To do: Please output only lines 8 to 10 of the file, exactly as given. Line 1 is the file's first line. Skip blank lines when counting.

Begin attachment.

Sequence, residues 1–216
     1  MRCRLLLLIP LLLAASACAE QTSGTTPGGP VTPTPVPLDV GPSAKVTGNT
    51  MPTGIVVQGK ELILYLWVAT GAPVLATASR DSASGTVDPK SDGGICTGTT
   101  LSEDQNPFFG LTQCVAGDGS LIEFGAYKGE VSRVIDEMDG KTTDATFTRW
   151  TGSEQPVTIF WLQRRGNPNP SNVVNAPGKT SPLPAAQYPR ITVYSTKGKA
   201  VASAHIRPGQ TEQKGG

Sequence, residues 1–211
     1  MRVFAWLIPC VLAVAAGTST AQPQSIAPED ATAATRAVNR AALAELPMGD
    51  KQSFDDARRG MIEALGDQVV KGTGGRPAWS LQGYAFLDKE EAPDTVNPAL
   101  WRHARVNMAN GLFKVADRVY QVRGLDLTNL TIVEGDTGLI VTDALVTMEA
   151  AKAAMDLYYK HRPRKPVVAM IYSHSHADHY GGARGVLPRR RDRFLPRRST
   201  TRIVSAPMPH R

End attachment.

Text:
     1  MRVFAWLIPC VLAVAAGTST AQPQSIAPED ATAATRAVNR AALAELPMGD
    51  KQSFDDARRG MIEALGDQVV KGTGGRPAWS LQGYAFLDKE EAPDTVNPAL
   101  WRHARVNMAN GLFKVADRVY QVRGLDLTNL TIVEGDTGLI VTDALVTMEA